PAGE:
This post is written to link with an online discussion at katemotaung.com on the book “On Being A Writer” by Ann Kroeker and Charity Singleton Craig. Today I’m posting on Chapter 1: Identify.
I would not tend to identify myself or describe myself as a writer, though I have always loved to write. As I think back, I realise that writing has always been part of my life.
As a child, I was always either reading or writing stories and I dreamed of being an author one day. When I was about 10 or 11 some friends and I put together a magazine, which we wrote, printed and copied ourselves and then sold to people. We took it all very seriously; we gave ourselves titles (I was the editorial assistant), and I remember many conversations and arguments over spelling and punctuation. I think we kept it going for about two years and probably produced seven or eight editions.
My great writing “success” came when I was 14 and I had a poem published in a book! Even at the time I thought it was an awful poem and I insisted on having it published under a pen name as I was embarrassed by it and didn’t want anyone to know. I was most excited about the fact that I would get a share of the royalties… until I received an envelope containing the grand sum of 65p!!!
Since then most of my writing has been for myself. I have a box of about 20 journals from over the years. Writing helps me process, and, especially when life is difficult, it has been something I’ve always turned to. The gaps in my journalling have tended to come in the times when life was peaceful and happy and things were going well, whereas the times I’ve journalled the most have been the hardest times as I’ve turned to writing as a way of processing and as a way of expressing feelings I struggled to talk about or share with anyone.
More recently I have begun to share more of my writing- mainly songs and drama scripts- and I have also dabbled in blogging.
So I have done a lot of writing, but I would hesitate to call myself a writer- I don’t think I have shown the intent and effort that is described in the book, and there are so many other things that consume my time and energy. I would like to work towards calling myself a writer though, or at least to develop my writing skills. This is why I have decided to read this book and sign up to join these discussions.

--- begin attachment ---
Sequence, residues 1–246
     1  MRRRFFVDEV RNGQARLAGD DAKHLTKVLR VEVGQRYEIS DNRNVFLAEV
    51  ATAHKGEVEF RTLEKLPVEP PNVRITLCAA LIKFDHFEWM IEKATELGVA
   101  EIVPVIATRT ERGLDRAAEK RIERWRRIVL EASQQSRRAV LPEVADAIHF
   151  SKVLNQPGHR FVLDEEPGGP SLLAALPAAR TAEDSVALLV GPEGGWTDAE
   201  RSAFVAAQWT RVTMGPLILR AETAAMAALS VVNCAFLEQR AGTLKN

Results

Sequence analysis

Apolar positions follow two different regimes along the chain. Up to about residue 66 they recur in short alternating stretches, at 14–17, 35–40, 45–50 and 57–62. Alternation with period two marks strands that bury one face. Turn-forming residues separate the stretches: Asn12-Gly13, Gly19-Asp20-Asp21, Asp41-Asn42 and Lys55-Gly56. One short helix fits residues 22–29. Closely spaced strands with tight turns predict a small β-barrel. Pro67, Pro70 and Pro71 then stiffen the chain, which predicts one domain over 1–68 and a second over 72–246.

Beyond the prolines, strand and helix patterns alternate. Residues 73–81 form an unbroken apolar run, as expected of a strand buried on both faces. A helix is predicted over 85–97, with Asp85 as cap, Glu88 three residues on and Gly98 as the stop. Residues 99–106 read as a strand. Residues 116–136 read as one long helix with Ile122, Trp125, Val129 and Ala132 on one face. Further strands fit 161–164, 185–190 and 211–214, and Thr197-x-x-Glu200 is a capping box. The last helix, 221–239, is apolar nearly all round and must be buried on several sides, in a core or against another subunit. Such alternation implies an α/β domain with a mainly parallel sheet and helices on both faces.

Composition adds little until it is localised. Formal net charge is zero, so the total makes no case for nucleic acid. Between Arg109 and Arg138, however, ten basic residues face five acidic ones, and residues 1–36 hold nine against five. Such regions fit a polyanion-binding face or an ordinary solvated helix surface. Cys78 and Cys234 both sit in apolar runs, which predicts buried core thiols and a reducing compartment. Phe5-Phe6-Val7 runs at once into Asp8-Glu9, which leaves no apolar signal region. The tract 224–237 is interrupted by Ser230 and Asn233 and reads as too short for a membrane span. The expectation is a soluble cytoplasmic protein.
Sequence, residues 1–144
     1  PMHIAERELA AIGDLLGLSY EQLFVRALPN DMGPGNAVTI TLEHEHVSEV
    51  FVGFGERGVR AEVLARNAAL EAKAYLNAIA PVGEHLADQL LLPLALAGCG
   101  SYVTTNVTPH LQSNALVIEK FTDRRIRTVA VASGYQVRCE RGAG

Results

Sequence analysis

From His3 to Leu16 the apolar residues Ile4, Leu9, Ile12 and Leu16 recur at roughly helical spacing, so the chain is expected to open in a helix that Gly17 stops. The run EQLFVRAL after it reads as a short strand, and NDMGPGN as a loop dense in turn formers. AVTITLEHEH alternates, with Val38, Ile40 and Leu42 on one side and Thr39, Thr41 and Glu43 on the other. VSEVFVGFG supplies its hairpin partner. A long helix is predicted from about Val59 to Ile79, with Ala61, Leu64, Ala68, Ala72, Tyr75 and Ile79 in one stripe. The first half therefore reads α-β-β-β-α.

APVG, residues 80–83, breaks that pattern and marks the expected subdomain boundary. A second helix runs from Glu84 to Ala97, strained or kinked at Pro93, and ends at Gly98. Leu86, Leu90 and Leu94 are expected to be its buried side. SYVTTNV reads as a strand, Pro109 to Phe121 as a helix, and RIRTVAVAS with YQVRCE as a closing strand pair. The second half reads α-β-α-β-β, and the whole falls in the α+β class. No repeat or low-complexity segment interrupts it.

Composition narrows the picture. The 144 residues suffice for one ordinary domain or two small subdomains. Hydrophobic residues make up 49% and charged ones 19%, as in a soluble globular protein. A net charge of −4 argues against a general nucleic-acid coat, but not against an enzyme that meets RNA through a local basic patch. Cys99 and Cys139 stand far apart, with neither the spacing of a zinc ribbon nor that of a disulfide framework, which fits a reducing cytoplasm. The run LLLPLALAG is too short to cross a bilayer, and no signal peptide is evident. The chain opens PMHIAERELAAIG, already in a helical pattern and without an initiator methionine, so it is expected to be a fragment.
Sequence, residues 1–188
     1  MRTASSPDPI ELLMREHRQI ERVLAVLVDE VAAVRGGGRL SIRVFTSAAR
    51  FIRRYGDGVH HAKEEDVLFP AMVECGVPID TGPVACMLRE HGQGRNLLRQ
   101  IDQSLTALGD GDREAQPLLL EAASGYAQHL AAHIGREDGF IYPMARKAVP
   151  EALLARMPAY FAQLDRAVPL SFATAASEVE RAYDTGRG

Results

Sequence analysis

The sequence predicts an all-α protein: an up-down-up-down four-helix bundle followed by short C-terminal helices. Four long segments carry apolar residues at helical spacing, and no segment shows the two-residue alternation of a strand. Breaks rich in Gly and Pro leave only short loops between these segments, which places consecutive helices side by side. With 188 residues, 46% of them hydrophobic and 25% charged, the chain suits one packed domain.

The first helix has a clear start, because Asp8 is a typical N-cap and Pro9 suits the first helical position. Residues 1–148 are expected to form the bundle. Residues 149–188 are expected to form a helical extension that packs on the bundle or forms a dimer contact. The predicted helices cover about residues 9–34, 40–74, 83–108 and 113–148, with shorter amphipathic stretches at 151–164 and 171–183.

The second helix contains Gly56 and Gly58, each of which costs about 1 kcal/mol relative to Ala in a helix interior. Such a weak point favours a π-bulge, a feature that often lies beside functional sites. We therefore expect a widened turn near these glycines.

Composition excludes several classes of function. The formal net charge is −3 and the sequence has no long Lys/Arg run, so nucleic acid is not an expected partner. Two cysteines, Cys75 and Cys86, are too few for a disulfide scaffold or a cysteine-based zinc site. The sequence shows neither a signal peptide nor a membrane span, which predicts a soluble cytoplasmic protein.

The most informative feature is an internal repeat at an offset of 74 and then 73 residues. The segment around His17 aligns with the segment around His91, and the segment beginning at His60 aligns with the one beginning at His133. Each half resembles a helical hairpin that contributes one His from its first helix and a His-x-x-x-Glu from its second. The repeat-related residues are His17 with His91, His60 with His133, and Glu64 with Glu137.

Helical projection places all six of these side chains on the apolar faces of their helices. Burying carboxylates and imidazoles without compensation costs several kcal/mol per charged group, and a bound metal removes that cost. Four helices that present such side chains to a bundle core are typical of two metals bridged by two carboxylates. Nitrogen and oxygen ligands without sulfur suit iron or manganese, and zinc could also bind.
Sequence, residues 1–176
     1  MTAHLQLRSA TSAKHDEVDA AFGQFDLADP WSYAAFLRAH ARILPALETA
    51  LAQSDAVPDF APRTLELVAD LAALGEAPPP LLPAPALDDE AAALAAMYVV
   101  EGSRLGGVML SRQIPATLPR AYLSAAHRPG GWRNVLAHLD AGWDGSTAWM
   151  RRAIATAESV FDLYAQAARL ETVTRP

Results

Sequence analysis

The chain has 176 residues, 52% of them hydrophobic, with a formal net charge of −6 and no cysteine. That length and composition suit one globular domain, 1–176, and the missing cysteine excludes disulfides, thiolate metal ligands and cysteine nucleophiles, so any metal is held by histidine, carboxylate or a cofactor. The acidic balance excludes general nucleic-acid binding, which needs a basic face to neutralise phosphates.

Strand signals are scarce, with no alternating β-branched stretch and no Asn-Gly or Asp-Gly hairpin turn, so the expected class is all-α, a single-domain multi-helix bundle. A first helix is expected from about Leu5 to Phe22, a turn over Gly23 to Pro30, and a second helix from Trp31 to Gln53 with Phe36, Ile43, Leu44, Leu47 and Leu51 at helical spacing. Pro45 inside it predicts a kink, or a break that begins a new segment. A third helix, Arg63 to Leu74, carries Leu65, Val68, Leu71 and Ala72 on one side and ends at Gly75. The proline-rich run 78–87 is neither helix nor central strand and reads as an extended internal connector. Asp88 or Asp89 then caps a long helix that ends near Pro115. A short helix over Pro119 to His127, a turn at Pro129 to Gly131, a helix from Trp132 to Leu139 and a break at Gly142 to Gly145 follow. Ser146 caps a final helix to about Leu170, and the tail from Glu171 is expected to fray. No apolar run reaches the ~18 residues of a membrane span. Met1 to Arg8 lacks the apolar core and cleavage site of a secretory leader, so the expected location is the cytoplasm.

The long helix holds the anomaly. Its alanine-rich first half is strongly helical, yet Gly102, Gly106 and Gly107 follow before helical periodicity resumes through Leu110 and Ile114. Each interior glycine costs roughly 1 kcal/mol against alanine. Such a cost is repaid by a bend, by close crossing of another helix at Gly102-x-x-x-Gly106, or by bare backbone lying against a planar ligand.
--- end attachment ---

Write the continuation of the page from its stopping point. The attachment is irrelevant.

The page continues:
Over the last few years I’ve realised I have something to share with others and I want to learn to do this. When I share my thoughts with people they often comment that what I am saying makes them think of things in a different way. I have shared some insights on Bible passages as part of an online discussion and have had people commenting that it had been helpful or that they had never thought of it in that way before.
I used to think I was just weird, but lately I am feeling God’s affirmation that I do see things differently sometimes and that I should share my perspective with others. I know that, while I have the ideas, I sometimes struggle to express them well, so I hope with practice to work on this.
This quote from the introduction to the book sums up my feelings on why I would like to develop my writing skills: “A story it cries to be told… ideas beg to be explored…images beg to be played with, and conflicts yearn to be expressed.” I look forward to learning and growing in this over the next few weeks.